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dc.contributor.authorSøraa, Roger Andre
dc.contributor.authorNyvoll, Pernille Søderholm
dc.contributor.authorGrønvik, Karoline Blix
dc.contributor.authorSerrano, Artur
dc.identifier.citationAI & Society: The Journal of Human-Centred Systems and Machine Intelligence. 2020en_US
dc.description.abstractThis article studies perceptual differences of three social robots by elementary school children of ages 6–13 years (n = 107) at research fairs. The autonomous humanoid robot Pepper, an advanced social robot primarily designed as a personal assistant with movement and mobility, is compared to the teleoperated AV1 robot—designed to help elementary school children who cannot attend school to have a telepresence through the robot—and the flowerpot robot Tessa, used in the eWare system as an avatar for a home sensor system and dedicated to people with dementia living alone. These three robots were shown at the Norwegian national research fair, held in every major Norwegian city annually, where children were able to interact with the robots. Our analysis is based on quantitative survey data of the school children concerning the robots and qualitative discussions with them. By comparing three different types of social robots, we found that presence can be differently understood and conceptualized with different robots, especially relating to their function and “aliveness.” Additionally, we found a strong difference when relating robots to personal relations to one’s own grandparents versus older adults in general. We found children’s perceptions of robots to be relatively positive, curious and exploratory and that they were quite reflective on their own grandparent having a robot.en_US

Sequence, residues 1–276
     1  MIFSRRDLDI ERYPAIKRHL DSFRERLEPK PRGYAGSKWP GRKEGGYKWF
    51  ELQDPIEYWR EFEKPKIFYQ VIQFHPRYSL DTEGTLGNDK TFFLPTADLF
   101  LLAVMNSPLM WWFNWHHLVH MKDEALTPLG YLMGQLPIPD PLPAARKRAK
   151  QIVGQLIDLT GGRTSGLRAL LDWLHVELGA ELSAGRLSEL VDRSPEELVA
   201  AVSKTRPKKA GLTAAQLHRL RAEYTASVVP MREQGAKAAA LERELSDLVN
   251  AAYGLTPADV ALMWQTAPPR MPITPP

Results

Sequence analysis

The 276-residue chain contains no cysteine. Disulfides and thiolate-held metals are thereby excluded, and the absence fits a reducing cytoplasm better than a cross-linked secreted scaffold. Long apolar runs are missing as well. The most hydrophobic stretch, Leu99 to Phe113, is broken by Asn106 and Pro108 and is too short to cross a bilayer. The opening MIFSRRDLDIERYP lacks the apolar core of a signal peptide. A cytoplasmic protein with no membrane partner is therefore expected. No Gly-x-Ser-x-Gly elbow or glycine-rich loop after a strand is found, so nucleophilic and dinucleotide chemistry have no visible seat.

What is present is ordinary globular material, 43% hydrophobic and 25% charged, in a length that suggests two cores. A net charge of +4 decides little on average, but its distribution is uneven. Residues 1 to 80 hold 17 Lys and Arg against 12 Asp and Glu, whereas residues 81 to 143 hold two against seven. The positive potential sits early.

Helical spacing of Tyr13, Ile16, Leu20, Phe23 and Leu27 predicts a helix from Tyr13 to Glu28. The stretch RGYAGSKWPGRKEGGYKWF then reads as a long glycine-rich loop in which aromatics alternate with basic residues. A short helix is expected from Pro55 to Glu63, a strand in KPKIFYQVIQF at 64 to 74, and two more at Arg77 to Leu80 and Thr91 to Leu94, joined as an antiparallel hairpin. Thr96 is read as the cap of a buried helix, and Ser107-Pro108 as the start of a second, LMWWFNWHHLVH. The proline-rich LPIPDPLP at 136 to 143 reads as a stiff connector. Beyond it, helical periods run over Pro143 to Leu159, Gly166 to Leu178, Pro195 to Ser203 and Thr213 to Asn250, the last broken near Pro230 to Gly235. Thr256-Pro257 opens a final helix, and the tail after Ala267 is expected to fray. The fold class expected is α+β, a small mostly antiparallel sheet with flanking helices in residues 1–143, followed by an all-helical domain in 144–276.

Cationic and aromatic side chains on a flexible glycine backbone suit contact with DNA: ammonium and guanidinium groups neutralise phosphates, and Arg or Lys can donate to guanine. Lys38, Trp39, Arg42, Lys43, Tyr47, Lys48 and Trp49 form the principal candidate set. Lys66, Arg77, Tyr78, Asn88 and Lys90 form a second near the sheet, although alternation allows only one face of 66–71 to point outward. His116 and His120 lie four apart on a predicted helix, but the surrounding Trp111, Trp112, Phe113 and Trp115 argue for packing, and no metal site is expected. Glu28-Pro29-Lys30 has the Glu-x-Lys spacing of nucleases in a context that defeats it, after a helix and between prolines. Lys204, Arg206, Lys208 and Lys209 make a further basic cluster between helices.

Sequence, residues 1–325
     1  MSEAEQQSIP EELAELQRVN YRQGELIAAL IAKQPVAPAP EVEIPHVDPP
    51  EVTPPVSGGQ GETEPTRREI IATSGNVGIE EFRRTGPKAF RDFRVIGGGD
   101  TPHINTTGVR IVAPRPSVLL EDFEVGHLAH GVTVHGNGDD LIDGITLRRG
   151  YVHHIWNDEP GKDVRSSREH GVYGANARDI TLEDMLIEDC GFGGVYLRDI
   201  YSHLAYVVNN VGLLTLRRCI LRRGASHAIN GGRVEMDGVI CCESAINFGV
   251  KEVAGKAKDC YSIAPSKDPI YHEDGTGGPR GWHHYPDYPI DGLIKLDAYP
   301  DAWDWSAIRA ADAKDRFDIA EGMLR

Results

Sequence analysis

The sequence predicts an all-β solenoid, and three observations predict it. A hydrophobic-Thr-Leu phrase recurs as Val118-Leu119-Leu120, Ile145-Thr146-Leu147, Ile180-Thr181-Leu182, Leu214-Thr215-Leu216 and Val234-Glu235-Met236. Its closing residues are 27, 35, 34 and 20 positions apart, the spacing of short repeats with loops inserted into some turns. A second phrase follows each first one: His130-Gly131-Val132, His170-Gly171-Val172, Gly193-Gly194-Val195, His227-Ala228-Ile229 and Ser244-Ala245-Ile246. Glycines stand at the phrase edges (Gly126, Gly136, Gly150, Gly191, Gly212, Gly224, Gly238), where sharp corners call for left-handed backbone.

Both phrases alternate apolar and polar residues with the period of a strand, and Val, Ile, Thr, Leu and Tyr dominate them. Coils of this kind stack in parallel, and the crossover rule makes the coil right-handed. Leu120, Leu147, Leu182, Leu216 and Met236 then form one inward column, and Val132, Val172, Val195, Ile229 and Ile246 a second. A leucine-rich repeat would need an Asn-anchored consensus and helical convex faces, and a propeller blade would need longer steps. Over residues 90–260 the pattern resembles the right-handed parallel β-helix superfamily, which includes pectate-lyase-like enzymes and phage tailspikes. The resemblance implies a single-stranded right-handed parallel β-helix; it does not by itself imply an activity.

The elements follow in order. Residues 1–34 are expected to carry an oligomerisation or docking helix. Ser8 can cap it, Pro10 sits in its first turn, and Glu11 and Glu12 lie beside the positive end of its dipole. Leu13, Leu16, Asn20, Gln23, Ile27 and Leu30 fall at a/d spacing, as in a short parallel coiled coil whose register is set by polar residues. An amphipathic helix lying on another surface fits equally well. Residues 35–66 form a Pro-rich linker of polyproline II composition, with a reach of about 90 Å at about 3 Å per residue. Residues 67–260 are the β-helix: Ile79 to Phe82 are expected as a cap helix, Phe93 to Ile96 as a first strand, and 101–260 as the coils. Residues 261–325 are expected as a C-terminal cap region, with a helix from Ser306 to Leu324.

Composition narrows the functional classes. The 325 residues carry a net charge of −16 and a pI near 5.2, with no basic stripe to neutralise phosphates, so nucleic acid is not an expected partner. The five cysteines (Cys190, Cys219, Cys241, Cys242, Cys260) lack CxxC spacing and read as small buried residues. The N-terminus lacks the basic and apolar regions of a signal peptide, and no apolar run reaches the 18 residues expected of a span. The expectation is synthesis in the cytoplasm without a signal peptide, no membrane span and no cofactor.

dc.publisherSpringer Verlagen_US
dc.rightsNavngivelse 4.0 Internasjonal*
dc.titleChildren’s perceptions of social robots: a study of the robots Pepper, AV1 and Tessa at Norwegian research fairsen_US
dc.typePeer revieweden_US
dc.typeJournal articleen_US
dc.source.journalAI & Society: The Journal of Human-Centred Systems and Machine Intelligenceen_US
dc.description.localcodeOpen Access This article is licensed under a Creative Commons Attribution 4.0 International License, which permits use, sharing, adaptation, distribution and reproduction in any medium or format, as long as you give appropriate credit to the original author(s) and the source, provide a link to the Creative Commons licence, and indicate if changes were made. The images or other third party material in this article are included in the article's Creative Commons licence, unless indicated otherwise in a credit line to the material. If material is not included in the article's Creative Commons licence and your intended use is not permitted by statutory regulation or exceeds the permitted use, you will need to obtain permission directly from the copyright holder. To view a copy of this licence, visit

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Navngivelse 4.0 Internasjonal
Except where otherwise noted, this item's license is described as Navngivelse 4.0 Internasjonal